We use Cookies to give you a smooth, enjoyable and safe experience using this website and to provide relevant and helpful advertising from Google. If you are happy with this then simply click the green OK.OK

You can opt to not enable the advertising Cookie by clicking here. You can learn more by reading our privacy policy.

stovesonline telephone contact logo 0845 226 5754

What is a wood burning stove?

Stove Help & Advice Home


A woodburner or woodburning stove usually has a flat base with no grate in the firebox and you just burn the wood on that. Assuming there is no grate then its good to let a bed of ash build up because that forms a nice insulating base to help the wood burn better. Stoves without a grate also have a bit more space in the firebox to fit wood in.

You might like to view the range of wood burning stoves that we offer.

Slow burning on a Woodburner

However, even using a dedicated woodburner, its generally a bad idea to fill the stove up and "turn it down for the night". That is an inefficient way to burn which makes far more smoke and particulates. So please try to avoid slow burning or keeping it in for the night.

For information on which types of wood to burn and how to best prepare it visit our wood for burning page

Woodburner Chimney Liner

It is always good practice to line a chimney when fitting any stove, whether it is a woodburning stove or a multifuel stove, modern high efficiency stoves have colder flue gasses, which can lead to more tar build up in the chimney and an insulated liner is one way to reduce that. If you are planning to do a serious amount of woodburning then I'd say that lining and insulating the chimney is really a must (though its not a regs requirement as such) - see Lining a Chimney.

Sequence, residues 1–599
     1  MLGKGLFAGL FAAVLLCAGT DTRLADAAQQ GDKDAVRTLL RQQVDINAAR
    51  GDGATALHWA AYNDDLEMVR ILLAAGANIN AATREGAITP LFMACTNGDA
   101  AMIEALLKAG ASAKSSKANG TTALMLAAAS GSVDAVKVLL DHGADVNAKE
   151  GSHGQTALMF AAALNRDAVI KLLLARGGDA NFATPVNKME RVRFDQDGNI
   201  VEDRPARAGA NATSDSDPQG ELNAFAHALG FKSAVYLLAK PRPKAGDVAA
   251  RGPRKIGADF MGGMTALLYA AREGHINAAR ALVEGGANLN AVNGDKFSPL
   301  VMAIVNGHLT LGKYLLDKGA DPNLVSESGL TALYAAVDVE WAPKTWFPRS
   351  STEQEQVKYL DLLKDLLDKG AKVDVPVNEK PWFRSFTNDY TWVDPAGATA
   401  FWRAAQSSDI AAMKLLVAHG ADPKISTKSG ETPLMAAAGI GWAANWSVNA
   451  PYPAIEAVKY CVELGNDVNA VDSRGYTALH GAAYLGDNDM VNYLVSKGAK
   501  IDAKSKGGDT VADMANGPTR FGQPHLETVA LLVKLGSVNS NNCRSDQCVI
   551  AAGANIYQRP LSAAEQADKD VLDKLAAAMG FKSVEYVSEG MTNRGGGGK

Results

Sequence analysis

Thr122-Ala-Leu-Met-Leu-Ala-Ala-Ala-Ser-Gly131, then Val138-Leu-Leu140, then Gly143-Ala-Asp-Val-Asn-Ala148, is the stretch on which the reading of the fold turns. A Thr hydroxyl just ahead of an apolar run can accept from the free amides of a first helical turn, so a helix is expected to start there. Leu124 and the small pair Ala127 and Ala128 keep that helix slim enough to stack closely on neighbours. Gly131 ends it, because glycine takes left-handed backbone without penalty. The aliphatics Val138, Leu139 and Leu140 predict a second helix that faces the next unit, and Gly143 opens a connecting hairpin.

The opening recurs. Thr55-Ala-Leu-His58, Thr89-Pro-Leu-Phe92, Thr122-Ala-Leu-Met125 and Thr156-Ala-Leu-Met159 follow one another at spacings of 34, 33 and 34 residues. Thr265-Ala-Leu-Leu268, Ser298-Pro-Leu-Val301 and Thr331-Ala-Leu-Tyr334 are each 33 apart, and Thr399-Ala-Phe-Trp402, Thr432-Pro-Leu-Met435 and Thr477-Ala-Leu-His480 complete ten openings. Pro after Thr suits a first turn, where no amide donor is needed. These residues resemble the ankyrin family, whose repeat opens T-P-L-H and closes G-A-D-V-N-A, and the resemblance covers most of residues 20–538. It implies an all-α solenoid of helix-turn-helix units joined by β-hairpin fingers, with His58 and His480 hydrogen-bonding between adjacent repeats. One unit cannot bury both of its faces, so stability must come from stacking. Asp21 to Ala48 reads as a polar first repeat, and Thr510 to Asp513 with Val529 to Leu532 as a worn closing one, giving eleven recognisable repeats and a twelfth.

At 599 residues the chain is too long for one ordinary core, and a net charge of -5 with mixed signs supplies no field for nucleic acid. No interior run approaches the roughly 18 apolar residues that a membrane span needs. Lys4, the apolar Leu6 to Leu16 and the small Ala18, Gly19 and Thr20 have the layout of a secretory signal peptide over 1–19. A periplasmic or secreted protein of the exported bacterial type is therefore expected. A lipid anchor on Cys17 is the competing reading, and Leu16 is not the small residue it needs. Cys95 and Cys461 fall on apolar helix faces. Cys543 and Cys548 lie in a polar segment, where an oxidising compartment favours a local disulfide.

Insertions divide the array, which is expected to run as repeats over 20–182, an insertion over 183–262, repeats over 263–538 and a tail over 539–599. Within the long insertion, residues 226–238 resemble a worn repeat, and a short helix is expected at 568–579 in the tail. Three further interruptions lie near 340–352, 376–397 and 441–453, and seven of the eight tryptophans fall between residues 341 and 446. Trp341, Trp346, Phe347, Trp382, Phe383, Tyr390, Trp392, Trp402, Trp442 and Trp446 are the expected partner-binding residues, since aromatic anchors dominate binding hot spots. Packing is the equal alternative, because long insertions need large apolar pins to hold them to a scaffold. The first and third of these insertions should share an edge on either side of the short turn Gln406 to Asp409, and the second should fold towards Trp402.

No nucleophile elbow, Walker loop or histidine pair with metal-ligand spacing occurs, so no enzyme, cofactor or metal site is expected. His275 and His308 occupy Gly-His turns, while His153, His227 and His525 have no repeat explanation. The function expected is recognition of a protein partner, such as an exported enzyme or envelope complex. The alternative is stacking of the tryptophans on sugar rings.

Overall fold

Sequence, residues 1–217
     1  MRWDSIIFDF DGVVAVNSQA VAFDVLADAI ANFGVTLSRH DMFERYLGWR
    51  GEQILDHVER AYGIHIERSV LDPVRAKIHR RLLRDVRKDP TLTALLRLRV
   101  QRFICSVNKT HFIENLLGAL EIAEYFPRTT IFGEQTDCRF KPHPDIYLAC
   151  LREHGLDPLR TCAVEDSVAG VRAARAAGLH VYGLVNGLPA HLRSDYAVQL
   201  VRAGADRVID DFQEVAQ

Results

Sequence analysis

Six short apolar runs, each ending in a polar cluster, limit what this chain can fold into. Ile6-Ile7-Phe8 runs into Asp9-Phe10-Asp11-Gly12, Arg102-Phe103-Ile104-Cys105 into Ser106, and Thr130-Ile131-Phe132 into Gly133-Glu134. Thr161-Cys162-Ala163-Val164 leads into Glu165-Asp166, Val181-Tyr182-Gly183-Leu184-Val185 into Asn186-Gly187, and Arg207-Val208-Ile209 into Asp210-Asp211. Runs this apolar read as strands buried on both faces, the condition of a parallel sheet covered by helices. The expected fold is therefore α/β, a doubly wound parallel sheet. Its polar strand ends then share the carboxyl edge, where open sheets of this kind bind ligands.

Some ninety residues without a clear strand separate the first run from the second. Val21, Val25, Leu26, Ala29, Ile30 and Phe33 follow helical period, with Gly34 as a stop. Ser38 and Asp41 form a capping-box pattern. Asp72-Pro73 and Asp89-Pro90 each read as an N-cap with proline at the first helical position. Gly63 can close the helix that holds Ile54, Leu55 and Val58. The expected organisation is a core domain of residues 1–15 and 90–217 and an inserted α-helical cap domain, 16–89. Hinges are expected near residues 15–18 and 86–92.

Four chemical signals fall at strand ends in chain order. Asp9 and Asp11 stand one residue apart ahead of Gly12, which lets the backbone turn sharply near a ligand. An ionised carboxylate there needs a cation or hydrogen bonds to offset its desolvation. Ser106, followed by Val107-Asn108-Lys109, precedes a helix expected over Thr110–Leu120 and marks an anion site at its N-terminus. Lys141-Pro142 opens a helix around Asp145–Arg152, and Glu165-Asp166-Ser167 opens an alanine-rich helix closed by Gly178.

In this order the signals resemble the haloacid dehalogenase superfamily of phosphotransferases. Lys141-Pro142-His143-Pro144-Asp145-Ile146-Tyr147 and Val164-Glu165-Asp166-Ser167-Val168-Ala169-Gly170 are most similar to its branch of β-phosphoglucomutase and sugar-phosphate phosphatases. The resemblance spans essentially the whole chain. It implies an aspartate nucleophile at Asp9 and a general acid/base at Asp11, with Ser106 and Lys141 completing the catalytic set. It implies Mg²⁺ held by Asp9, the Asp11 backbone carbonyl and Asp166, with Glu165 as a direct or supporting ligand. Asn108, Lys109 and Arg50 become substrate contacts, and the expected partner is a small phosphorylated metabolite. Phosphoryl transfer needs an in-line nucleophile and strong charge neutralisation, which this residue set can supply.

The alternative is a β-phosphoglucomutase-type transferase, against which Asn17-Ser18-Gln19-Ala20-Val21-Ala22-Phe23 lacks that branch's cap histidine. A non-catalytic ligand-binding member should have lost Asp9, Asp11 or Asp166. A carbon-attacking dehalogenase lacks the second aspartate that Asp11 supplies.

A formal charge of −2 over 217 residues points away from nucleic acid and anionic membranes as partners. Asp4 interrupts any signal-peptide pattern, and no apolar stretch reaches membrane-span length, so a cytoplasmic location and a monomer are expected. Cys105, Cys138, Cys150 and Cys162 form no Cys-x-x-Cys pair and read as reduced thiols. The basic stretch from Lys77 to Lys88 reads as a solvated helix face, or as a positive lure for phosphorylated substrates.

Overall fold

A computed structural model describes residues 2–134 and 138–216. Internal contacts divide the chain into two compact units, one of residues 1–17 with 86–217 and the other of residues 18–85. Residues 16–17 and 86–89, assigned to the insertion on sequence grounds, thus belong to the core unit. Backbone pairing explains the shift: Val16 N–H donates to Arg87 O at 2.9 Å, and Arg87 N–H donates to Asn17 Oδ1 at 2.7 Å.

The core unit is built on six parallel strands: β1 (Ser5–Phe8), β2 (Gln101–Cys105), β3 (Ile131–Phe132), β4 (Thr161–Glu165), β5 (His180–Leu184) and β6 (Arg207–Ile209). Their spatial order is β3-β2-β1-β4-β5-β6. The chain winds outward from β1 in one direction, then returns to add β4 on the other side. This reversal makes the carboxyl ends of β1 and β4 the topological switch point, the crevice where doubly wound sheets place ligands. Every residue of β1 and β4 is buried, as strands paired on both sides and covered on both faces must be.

The Carbon Consequences of Burning Wood

Trees are mostly made of carbohydrate. To grow, trees take in carbon dioxide from the air and using the energy from the sun, turn it into carbohydrate. We chop the trees down, let them dry and then burn them for heat. As well as heat being produced the carbon dioxide that the trees originally trapped from the air is also released. Most firewood available in the uk comes from sustainable forestry - where a tree is felled another is planted. So the carbon that has been released is effectively trapped again by another tree. This means that overall carbon dioxide levels in the atmosphere stay the same and so this does not contribute to the greenhouse effect - apart from the carbon released by processing and transporting the wood.

For more information on the CO2 content of fuels please see our CO2 emissions of fuels graph.

you can pay for your stove with us by Paypal pay for your stove by visa pay for your stove by mastercard pay for your stove by maestro pay for your stove by delta card

Stovesonline Ltd, Flightway, Dunkeswell Business Park , Dunkeswell , Devon , EX14 4RD
0845 226 5754, info@stovesonline.co.uk, Contact Us
© Stovesonline Ltd. VAT: 801261871, Company: 04636920. Registered in England, UK